The one thing I would NOT get online is a mortgage.
About 25% of the buyers that I see use an internet lender. I specifically recommend against selecting a lender online when I describe the closing process to new buyers.
The advantage of getting a loan online is that the rate is usually pretty low.
There are many reasons not to get a mortgage online. First, almost every time the approval and closing process turns into a semi-nightmare. With online lenders, there is no single responsible party who can answer questions and resolve issues. The online lenders use a team approach, but usually no one knows what is going on. Our Illinois closing process is kind of quirky compared to other states and funds need to be at closing when it starts, not 10 hours after closing. Online lenders often don’t wire the funds to closing under after the loan is ‘”funded” at closing rather than sending the funds before closing.
If you are near a computer, go ahead and google “best mortgage rate.” Near the top will be Quicken loans, Bankrate.com and Lendingtree. Lendingtree takes you through a series of screens that ask you questions about the loan you are seeking and then suggests some lenders for you. Click here to read some reviews of Lendingtree. They are absolutely scathing. Same here for Quicken loans. Brutal reviews. There are many accusations of pulling credit reports without authorization and endless complaints about lack of communication. Many complain of constant spamming the minute they enter data on the site.
Go ahead and scan through them and I doubt that you will have a warm fuzzy feeling about internet lenders.
My recommendation is to pick a good, local lender referred by someone you trust. The online mortgage market is not ready for prime time. Do you really want to be a beta tester?
The year 2014 is here and short sales are the year’s first casualty. They are dead on arrival. Gone, done. The final nails in the coffin were the expiration of the Mortgage Debt Forgiveness Act (MDFA) and the sudden increase in deficiency judgments in Illinois during late 2013.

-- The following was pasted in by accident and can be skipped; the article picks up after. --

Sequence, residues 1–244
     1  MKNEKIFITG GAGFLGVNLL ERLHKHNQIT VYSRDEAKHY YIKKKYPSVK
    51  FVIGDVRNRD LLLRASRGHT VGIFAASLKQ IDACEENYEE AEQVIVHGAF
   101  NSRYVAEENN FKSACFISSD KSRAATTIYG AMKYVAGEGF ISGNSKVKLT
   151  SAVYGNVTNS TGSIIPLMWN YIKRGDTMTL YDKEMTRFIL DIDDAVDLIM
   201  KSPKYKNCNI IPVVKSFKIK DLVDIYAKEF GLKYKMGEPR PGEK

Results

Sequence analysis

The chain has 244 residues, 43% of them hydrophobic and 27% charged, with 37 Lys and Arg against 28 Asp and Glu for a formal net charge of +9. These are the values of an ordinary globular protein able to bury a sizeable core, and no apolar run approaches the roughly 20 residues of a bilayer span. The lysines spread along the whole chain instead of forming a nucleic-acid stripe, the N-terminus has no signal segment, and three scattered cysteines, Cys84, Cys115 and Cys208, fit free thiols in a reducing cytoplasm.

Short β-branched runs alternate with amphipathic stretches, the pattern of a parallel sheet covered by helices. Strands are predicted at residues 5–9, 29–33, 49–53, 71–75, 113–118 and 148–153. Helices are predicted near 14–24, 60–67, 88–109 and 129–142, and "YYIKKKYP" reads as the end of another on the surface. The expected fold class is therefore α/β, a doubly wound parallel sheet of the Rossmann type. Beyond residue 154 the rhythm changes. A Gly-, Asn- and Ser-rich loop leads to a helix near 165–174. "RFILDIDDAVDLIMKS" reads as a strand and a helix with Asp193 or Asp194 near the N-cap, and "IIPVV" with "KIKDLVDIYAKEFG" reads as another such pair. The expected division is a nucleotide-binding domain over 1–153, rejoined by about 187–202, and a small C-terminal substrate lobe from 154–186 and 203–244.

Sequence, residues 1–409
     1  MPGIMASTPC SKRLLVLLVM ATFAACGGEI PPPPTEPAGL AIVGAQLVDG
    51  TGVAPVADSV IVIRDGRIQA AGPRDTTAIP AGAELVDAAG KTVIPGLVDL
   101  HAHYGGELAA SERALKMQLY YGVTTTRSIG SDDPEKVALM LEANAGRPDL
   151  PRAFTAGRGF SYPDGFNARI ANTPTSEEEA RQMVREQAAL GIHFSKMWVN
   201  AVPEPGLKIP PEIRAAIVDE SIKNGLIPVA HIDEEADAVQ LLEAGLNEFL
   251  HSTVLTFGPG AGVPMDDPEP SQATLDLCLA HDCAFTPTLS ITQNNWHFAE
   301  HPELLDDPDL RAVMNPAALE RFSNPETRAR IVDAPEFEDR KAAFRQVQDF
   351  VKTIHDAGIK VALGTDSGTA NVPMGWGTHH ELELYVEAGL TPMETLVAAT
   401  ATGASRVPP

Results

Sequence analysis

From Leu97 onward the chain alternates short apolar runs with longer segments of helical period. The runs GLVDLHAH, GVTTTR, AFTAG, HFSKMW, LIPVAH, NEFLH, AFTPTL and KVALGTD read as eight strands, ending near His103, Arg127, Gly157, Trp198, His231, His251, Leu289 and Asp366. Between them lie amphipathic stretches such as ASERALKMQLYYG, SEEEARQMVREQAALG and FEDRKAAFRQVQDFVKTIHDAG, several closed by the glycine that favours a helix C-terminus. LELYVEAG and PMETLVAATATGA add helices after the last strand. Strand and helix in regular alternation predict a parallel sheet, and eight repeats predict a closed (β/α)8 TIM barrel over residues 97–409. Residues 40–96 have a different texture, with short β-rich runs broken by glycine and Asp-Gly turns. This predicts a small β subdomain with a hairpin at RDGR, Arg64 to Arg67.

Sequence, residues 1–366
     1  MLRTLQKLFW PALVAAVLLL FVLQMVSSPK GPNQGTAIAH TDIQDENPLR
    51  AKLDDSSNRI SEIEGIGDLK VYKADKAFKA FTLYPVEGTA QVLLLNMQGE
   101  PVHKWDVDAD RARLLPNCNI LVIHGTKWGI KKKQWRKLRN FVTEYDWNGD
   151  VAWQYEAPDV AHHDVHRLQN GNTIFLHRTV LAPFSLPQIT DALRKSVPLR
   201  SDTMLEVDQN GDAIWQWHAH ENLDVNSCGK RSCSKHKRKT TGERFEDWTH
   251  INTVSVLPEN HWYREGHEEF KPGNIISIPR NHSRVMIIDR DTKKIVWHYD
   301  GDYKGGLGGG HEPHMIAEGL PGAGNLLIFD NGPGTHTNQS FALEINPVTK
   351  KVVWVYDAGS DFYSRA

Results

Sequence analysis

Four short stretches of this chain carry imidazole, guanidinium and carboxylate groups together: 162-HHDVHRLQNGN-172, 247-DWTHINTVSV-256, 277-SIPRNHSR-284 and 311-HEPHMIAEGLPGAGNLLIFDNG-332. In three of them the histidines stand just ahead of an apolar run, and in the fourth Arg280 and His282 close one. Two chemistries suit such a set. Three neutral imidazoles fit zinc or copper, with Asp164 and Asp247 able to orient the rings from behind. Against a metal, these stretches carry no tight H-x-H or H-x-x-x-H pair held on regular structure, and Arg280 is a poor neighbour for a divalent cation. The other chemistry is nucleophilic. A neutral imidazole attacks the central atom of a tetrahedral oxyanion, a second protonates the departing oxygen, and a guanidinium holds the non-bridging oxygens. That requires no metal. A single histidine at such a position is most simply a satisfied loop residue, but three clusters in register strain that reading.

Now, I recommend short sales to almost no one. Three reasons you should NOT do a short sale.
- Deficiency Judgment may be entered. To get a short sale approved you generally have to be behind on payments. Once you stop making payments and try a short sale, there is a 50% chance that it will close. If it does not close, it will end up being foreclosed and there is a strong possibility that a personal deficiency judgment will be entered against you. Not fun.
- You will get a taxable 1099 EVEN if the short sale closes. Many, many short sales do not close and end up as foreclosures. If you are foreclosed upon, there will be a 1099 issued even if the property was your primary residence. The MDFA expires on December 31, 2013 and this means that tax is owed on the 1099 issued after a short sale. Why would you do a short sale if you have a huge tax bill on the back end? Due to the 1099, it makes no sense to do a short sale (unless you are insolvent.